Review Summary: I don't think the word darling is on the whole record!
"a Departure" is the perfect title for the opening track on La Dispute's sophomore effort, Wildlife
. The first thing I noticed was the wind chimes sounding off in the distance of the mix, hauntingly reminiscent of the staple track "New Storms for Old Lovers" from their debut record, Somewhere at the Bottom of the River Between Vega and Altair
. The song concludes with audio clips of what sounds like a set of wind-chimes being dismantled, perhaps metaphorical for the step La Dispute has taken in a new direction. a Departure is exactly that, a departure from Somewhere...
, and a right foot forward on a new path for the band.
One of the most profound differences on Wildlife
is that the gap between vocalist Jordan Dreyer and the rest of the band has been drastically reduced. On Somewhere...
, it seemed that either the music or the vocals were taking the spotlight. The moments in which the band as a whole shined cohesively were rare. And while the music AND the lyrics were both more than on par, they coexisted awkwardly. While these awkward moments certainly exist on Wildlife
, they occur sparingly. More often than not, the vocals and the music are complimenting each other.
Guitarists Chad Sterenburg and Kevin Whittemore focus more on emotional, almost unnerving, chord progressions than on oddly-timed licks, and while maybe sacrificing a certain level of technicality on the record, this adds to the level of cohesiveness and consistency that Wildlife
Lyrically, Dreyer proves that his vocabulary doesn't only consist of the words darling, lover, and bones. In fact, a lot of the lyrics on this record are more in the realm of story telling than they are melodramatic and metaphor riddled. Tracks like King Park, I See Everything, and Edward Benz, 27 Times, all read like short stories. Tracks like Safer in the Forest/Love Song for Poor Michigan, and A Broken Jar are more of the usual introspective paintings that Dreyer painted on Somewhere...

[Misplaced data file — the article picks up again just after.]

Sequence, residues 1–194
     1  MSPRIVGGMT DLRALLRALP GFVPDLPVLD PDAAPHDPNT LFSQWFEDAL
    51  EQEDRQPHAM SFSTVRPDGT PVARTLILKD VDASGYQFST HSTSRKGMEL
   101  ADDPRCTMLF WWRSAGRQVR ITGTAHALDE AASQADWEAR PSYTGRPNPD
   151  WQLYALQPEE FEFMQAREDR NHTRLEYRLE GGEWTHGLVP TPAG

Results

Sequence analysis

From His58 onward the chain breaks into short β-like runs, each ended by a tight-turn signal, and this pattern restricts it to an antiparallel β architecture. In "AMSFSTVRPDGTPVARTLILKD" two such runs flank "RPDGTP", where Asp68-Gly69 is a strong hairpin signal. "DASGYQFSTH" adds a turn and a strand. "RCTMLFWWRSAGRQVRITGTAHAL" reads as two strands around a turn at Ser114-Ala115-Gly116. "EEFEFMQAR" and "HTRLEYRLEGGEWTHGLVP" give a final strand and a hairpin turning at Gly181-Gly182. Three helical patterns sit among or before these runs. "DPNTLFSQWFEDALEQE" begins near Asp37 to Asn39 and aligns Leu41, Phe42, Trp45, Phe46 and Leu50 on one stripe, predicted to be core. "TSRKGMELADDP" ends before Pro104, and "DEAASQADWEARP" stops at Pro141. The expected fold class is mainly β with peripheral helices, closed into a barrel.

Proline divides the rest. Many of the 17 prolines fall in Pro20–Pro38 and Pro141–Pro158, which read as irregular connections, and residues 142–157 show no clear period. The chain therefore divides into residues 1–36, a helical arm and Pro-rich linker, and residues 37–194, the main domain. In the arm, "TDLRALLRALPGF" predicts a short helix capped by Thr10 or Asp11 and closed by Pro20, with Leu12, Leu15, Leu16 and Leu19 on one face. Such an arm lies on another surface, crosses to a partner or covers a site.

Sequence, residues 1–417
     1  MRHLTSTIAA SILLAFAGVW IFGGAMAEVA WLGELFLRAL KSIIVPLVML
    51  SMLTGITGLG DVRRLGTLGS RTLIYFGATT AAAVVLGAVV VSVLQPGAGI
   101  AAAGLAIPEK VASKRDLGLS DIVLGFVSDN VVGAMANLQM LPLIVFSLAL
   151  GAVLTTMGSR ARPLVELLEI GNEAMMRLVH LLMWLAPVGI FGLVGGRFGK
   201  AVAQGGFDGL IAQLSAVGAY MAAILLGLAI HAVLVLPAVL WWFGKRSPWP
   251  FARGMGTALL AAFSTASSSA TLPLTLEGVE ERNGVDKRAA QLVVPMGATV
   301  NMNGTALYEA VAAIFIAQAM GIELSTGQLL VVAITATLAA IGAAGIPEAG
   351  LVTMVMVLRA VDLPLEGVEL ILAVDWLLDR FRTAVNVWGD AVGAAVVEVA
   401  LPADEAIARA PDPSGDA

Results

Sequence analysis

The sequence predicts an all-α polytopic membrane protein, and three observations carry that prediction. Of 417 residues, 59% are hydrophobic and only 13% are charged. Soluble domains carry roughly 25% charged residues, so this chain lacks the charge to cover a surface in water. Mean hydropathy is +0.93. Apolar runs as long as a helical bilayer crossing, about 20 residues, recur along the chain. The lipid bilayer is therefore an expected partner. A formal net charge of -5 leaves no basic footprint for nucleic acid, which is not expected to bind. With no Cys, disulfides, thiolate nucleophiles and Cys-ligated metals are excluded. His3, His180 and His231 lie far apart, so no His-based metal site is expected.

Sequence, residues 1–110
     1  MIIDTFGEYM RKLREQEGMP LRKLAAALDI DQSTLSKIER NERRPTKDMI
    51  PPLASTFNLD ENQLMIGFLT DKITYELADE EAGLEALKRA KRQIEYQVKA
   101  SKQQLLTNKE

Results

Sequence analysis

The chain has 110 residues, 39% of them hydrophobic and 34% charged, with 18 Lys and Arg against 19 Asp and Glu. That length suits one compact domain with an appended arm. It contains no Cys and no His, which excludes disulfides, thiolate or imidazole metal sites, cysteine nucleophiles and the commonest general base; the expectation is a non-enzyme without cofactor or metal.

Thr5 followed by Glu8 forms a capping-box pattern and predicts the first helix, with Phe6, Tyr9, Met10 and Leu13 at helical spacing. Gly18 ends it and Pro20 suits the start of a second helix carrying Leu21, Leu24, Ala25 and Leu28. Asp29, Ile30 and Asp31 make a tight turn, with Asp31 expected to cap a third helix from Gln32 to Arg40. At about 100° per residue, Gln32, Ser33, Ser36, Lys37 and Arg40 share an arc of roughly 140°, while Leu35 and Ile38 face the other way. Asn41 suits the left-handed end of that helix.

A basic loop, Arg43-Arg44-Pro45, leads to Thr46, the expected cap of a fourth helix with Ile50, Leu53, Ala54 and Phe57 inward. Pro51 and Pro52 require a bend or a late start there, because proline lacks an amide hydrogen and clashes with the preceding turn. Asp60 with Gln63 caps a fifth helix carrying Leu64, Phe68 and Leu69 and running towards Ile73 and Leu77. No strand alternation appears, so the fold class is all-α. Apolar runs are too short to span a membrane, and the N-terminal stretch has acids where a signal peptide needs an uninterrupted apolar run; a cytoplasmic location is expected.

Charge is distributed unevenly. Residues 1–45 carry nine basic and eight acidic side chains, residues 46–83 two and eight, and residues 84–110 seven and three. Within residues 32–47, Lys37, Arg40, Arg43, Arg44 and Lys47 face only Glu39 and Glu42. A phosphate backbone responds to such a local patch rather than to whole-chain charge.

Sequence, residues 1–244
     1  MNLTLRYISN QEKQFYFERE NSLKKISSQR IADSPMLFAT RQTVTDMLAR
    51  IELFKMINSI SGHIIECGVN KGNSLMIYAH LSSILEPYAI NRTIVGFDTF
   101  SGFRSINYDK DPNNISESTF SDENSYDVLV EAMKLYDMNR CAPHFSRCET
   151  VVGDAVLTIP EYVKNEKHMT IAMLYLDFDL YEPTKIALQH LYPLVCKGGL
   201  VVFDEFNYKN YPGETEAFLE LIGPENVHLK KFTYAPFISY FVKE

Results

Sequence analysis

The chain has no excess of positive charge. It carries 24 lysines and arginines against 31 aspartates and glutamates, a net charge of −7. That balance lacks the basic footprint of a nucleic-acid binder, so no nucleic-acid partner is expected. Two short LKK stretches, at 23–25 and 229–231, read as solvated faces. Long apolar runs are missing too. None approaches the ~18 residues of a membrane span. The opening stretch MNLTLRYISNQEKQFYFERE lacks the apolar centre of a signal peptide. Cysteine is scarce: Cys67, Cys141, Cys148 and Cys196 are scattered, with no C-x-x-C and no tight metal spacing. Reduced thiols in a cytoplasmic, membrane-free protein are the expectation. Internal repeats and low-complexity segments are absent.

, but they feel more genuine. And where Dreyer may seem less harsh or loud vocally, he makes up for in the dynamics in his voice. Hints of melodic vocals can be heard throughout Wildlife
, especially in the softer moments of "The Most Beautiful Bitter Fruit", although they are rare to occur.
The closing track of Wildlife
serves as a summary of the step La Dispute has taken in this new direction, highlighting the new and capitalizing on the old. It pronounces band's new found ability to shine as a whole, never sacrificing musicality for vocals or vice versa. The track closes out as Dreyer's vocals sound increasingly distant in the mix, until barely audible, against a musical backdrop that decreases in intensity as if the members are physically backing off further and further from their microphones, dropping their instruments, and continuing on their journey in musical progression, further from the comfort zone that was Somewhere...
, and deeper into the unknown, deeper into their very own Wildlife.